No two organizations are truly alike — what works for one might not work for another. Accordingly, some organizations have chosen to retain certain aspects of traditional reviews.
Specifically, some companies, like Facebook, have held on to a version of the performance review that uses ratings and ties it to compensation. Facebook, in particular, found in a survey with 300 members of their own staff that 87% of employees wanted to keep performance reviews. (Facebook’s performance reviews include peer reviews with ratings that are delivered by their managers and are a part of a compensation discussion — with a formula used to determine that compensation.)
Similarly, companies such as PwC and Deloitte, have maintained elements of their performance reviews: PwC gives ratings to their employees along five competencies, while other companies like Deloitte assign them one of four categories that provide a "performance snapshot."
Here’s why some companies keep all or certain elements of performance reviews for the following reasons…
Quality of manager conversations can go down without effective training and support
Research conducted by CEB with almost 10,000 managers revealed how the lack of ratings in performance reviews reduced employees’ perceptions of manager conversation quality by 14%. That is, without ratings, managers struggled to tell employees exactly how they could be performing better. This shows that eliminating ratings doesn’t solve everything: You still have to equip managers with training and support to communicate feedback cogently and clearly to their direct reports.
People want to know where they stand
One study shows how uncertainty can trigger intense neural reactions, particularly in highly anxious people. Not knowing if you’re doing well or poorly can interfere with strong performance. However, this clarity of how well someone is doing is something that absolutely a manager should be communicating in their one-to-one conversations. Ratings merely serve as a proxy for a clear message — they are not a requirement for one. For instance, Netflix helps their staff understand where they stand without a numerical or categorical ranking by encouraging their staff to ask the question, “Would you fight for me if I were to think about leaving?” They call it the “Keeper Test.”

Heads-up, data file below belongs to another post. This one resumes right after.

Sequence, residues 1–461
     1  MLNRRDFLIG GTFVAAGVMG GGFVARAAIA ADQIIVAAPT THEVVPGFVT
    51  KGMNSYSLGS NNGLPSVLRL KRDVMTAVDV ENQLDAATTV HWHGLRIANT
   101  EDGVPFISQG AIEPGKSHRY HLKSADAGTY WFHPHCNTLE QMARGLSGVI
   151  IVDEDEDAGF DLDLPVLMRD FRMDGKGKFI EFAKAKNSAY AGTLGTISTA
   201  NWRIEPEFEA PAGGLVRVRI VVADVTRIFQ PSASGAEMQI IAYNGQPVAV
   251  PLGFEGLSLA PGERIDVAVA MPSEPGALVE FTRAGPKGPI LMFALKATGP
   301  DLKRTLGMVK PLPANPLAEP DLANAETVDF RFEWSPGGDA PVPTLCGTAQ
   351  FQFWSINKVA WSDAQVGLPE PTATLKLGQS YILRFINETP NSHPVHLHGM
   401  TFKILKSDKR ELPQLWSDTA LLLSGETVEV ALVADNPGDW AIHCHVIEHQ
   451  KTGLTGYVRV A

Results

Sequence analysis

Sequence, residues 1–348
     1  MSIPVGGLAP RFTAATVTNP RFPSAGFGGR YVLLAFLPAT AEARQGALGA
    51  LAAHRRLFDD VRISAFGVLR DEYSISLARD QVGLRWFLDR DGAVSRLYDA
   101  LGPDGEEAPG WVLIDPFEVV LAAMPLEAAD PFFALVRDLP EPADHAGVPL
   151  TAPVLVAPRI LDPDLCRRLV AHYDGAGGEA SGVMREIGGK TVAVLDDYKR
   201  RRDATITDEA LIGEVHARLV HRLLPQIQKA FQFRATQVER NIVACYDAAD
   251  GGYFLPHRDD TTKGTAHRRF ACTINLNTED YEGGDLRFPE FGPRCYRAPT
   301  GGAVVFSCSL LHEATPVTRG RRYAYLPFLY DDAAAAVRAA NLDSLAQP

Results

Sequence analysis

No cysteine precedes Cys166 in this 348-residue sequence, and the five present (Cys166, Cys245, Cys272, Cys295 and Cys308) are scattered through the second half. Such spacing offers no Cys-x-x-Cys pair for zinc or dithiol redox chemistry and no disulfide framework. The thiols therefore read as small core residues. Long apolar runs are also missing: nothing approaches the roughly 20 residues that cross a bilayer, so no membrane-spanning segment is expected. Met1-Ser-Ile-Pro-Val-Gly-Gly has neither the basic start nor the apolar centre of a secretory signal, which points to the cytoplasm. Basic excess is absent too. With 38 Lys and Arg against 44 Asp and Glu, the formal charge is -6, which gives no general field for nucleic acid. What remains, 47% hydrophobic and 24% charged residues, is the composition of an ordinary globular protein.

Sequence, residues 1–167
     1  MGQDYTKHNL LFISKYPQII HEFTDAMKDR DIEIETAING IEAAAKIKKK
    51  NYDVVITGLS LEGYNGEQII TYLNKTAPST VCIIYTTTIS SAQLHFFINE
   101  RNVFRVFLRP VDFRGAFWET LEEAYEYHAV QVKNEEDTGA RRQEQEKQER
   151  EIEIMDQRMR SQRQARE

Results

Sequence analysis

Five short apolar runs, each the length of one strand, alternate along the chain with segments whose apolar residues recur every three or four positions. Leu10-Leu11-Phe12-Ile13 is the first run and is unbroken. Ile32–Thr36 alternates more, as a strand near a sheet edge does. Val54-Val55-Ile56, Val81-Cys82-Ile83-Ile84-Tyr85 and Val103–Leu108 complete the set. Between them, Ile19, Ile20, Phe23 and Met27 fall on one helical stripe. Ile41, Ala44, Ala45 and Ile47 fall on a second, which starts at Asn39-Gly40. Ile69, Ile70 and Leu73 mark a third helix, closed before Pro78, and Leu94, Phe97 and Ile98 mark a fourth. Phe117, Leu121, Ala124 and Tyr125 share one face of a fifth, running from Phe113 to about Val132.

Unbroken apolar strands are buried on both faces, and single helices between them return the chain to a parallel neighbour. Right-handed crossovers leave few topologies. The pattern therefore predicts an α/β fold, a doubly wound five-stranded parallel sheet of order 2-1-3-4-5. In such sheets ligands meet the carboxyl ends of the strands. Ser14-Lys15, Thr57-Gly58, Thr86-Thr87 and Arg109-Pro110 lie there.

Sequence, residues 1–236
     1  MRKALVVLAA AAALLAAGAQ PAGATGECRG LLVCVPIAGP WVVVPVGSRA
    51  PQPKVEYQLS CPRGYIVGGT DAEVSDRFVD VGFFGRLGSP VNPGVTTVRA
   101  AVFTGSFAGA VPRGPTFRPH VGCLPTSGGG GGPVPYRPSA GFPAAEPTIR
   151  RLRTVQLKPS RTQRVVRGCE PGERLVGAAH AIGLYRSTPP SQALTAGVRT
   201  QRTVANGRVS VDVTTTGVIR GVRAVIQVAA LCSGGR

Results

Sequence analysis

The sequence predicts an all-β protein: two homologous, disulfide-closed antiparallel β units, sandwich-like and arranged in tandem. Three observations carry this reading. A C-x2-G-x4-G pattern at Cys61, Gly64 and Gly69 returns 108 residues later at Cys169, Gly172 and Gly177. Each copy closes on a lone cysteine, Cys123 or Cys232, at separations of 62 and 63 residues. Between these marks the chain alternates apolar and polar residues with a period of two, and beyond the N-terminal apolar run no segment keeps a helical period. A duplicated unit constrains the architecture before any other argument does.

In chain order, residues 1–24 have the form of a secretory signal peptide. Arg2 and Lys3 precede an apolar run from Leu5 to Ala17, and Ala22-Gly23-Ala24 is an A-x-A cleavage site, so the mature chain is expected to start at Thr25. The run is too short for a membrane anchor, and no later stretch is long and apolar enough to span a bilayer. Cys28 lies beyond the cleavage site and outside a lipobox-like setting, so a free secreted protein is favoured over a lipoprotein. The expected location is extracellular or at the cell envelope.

Bias happens when a feedback prompt is too open-ended — and when training + support is not provided
Many studies reveal how “without structure, people are more likely to rely on gender, race, and other stereotypes when making decisions.” Idiosyncratic rater effect is perhaps the most pernicious and widespread of biases in performance reviews: Studies have famously revealed that 61% of the feedback you give is a reflection of you, as the rater, rather than the other person. As a result, some companies find that having more structure (i.e., ratings) prevents bias. But the effectiveness of this has been debated, as bias appears even when ratings are present. To alleviate bias doesn’t mean we must resort to ratings or re-adopt the formal performance reviews. Rather, it shows how structure, training, and support are necessary around (1) how to give feedback constructively (2) the perils of bias in feedback and how to minimize it. For example, better prompts for feedback, training around framing feedback more objectively, and reading through the feedback for consistency can help.
Where does this leave us?
Given that no two organizations are identical, there are trade-offs to weigh and scenarios to consider when thinking if and how to conduct performance reviews in your organization.
However, if there is one most meaningful insight to zoom in on, amidst all the noise, it is what we’ve distilled in our KYT methodology shared in our next chapter…